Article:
Before the United Airlines fiasco fades, I have a few bones to pick with the industry — small issues compared with being dragged, screaming and bloody, down the aisle — but red meat, nevertheless.

This is the time to rail, when the culprits are still cowed and listening.


For the past decade, I have flown eight or nine times a year to Montreal to see my grandsons. These are milk-run flights on creaky regional jets, nothing glamorous, although in the past I’ve crossed the pond on Air France, Alitalia, British Airways, Air Canada, Swissair and El Al.

Delta was my main carrier, because of price, but I also flew US Airways, United and American. I chose the Greensboro airport (PTI) instead of RDU, which is a zoo, only bearable for direct flights. The two facilities are equidistant from Southern Pines, but PTI is quiet, with light if any traffic, easy parking, plenty of departure options.

Consider these line items that drive me nuts.

Price: The price for the same flight fluctuates from day to day, sometimes hour to hour. A fare quoted on the phone may differ from what I book online.

This turns booking a reservation into roulette. Should I buy six weeks in advance — or wait? Mustn’t wait too long. Fares may double near departure date. Or, suddenly drop.

You’re allowed to cancel a reservation within 24 hours of booking, but who wants to check online every few minutes, then plod through the paperwork? Furthermore, after American merged with US Airways, fares soared from lack of competition. The lowest fares are at inconvenient times, or with long layovers.

Personnel: Long gone are the days of pampered travel. With few exceptions, ground personnel toe the party line, couldn’t give a fig about inconveniences, seem more interested in talking amongst themselves than solving your problem. Flight attendants excel at reading scripts. Of course, safety is their primary concern, but smiles/humanity are doled out with the same enthusiasm as pretzels.

Seating: Not bad enough that these regional jets have been configured to hold more (cramped) passengers. Pity the guy who shops at Big & Tall. I went ballistic when roomier coach seats were classified “comfort zone,” at a surcharge. That’s worse than usury.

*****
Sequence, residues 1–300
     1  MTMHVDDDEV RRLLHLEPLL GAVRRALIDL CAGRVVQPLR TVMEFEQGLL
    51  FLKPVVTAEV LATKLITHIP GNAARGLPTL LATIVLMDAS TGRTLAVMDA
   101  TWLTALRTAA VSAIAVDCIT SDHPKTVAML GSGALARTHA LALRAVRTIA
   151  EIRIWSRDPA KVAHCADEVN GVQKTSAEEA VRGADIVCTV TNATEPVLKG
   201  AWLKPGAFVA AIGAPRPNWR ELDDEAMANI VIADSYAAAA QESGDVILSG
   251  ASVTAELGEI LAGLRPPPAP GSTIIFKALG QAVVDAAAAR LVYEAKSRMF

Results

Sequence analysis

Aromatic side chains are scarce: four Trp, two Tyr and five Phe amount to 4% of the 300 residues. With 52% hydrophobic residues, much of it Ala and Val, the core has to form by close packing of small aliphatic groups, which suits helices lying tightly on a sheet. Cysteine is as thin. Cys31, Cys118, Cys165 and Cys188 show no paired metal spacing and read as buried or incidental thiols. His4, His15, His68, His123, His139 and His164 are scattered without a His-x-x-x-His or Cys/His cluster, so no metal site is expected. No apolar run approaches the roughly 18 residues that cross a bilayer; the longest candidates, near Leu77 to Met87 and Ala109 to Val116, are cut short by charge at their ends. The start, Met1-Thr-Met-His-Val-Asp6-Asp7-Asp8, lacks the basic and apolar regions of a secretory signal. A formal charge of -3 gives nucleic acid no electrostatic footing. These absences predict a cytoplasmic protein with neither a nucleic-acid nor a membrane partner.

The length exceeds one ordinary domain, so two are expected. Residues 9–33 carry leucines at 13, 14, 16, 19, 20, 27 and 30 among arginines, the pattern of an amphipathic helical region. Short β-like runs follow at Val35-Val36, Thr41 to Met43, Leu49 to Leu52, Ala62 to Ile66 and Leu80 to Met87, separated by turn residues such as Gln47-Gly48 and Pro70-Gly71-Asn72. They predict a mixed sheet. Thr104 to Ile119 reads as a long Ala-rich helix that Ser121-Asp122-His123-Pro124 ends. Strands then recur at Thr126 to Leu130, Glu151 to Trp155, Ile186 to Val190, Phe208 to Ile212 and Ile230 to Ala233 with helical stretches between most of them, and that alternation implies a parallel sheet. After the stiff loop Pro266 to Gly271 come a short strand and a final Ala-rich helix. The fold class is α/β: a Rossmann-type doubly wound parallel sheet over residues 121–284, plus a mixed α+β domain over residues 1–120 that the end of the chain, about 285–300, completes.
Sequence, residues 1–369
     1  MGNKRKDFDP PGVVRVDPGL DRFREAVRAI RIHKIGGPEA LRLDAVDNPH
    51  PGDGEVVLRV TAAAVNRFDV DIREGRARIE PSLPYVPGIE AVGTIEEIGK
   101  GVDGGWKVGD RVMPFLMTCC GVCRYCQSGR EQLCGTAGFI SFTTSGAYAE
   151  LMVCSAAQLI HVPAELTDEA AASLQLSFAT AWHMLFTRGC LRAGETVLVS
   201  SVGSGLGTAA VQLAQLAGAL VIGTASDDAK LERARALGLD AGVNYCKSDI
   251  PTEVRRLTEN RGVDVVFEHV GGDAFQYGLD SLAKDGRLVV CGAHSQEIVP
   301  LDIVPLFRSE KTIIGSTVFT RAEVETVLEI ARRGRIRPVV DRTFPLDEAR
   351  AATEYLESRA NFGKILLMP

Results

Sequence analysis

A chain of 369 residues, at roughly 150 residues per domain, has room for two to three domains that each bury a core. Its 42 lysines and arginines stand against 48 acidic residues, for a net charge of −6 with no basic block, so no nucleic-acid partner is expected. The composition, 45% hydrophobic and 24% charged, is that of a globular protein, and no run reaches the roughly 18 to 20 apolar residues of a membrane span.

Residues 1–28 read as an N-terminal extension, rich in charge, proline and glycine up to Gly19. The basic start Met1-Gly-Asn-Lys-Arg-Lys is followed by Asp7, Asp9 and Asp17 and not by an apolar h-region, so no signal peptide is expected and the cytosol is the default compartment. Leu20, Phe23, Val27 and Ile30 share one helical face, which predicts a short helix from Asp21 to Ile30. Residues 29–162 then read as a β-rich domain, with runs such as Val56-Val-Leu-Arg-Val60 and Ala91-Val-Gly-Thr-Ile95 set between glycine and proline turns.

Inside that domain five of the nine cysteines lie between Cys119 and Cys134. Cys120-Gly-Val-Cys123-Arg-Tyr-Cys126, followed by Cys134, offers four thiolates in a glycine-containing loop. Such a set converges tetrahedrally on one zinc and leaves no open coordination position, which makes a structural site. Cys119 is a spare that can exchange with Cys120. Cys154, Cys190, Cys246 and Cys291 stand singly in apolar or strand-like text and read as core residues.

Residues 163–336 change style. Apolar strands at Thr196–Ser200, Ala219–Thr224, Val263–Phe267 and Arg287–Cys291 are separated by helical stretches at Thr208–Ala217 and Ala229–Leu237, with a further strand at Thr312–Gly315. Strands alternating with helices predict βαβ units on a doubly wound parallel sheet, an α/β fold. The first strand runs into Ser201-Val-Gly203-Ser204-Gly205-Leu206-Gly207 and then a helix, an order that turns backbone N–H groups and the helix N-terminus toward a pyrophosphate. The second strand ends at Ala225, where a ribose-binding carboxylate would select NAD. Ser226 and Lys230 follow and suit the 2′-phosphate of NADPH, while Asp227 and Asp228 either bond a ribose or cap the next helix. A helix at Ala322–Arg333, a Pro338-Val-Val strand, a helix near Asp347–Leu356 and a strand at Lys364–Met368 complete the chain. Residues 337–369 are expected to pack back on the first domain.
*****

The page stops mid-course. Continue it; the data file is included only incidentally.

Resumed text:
Boarding: One door separates the gate area from the jetway. A rope divides this approach into two lines, the left one for regular customers and big spenders, the right for common folk like me.

After first-class ticketholders, “mothers with small children” and “passengers who need extra time” have passed through, the rest of us are “invited to board” by rank. Personally, I don’t care when I board but hate being stigmatized by fare. Once or twice I’ve presented myself, successfully, as “needing extra time.” Extra time to control my temper, that is.

Amenities: After boarding a 6 a.m. flight from Montreal, in January, I asked the surly attendant for a blanket. “Sorry … blankets are only available in first class.” Don’t cross me that early, hon. I inched back from steerage to the roomy leather seats and asked a gentleman (traveling on the corporate dime, no doubt) if he would request a blanket and pass it to me, which he did, as the attendant hissed bullets. Lucky I didn’t get dragged off the plane.

Security: I would gladly strip to the skivvies and dump my carry-on if asked politely by a TSA agent. The ones in Greensboro are nice, but attitudes at big-city terminals range from pompous to rude, especially since studies show how many disallowed items slip through.

The occasional please, thank you and “take your time” would neither hurt nor compromise safety.

Common sense: C’mon, how dare you sell me a 45-minute connection in Atlanta or Newark on Friday afternoon? Why on Earth did you replace comfortable seating at LaGuardia with bar stools facing computer screens selling things? And what happened to the eateries’ pledge not to hike prices for captive customers?

Rough landing: I could write a book about untoward or outrageous experiences on and off the ground. After a particularly heinous one that resulted in spending the night on a bench at Jackson Hartsfield, the nation’s busiest, I wrote to Delta, detailing how their misjudgment was to blame. They answered with a tepid apology and — just imagine — two inflight drink vouchers.

Yet airline revenues are up, up and away. Luxury long-haul carriers offer sleeping cubicles, desks, smiling hostesses serving fine cuisine. Maybe the time has come for a pretzel-eaters revolt. The line forms behind me, to the right of the rope.


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